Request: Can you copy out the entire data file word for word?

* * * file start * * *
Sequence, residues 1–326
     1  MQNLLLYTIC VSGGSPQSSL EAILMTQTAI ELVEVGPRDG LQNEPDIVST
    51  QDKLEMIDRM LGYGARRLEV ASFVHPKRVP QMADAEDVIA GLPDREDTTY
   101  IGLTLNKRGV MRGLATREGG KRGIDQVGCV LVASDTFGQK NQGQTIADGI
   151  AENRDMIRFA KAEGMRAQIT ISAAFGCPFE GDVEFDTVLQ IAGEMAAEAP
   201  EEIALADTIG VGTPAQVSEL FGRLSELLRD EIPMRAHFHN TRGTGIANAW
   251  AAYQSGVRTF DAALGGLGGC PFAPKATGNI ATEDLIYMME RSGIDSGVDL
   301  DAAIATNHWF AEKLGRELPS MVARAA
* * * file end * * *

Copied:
Sequence, residues 1–326
     1  MQNLLLYTIC VSGGSPQSSL EAILMTQTAI ELVEVGPRDG LQNEPDIVST
    51  QDKLEMIDRM LGYGARRLEV ASFVHPKRVP QMADAEDVIA GLPDREDTTY
   101  IGLTLNKRGV MRGLATREGG KRGIDQVGCV LVASDTFGQK NQGQTIADGI
   151  AENRDMIRFA KAEGMRAQIT ISAAFGCPFE GDVEFDTVLQ IAGEMAAEAP
   201  EEIALADTIG VGTPAQVSEL FGRLSELLRD EIPMRAHFHN TRGTGIANAW
   251  AAYQSGVRTF DAALGGLGGC PFAPKATGNI ATEDLIYMME RSGIDSGVDL
   301  DAAIATNHWF AEKLGRELPS MVARAA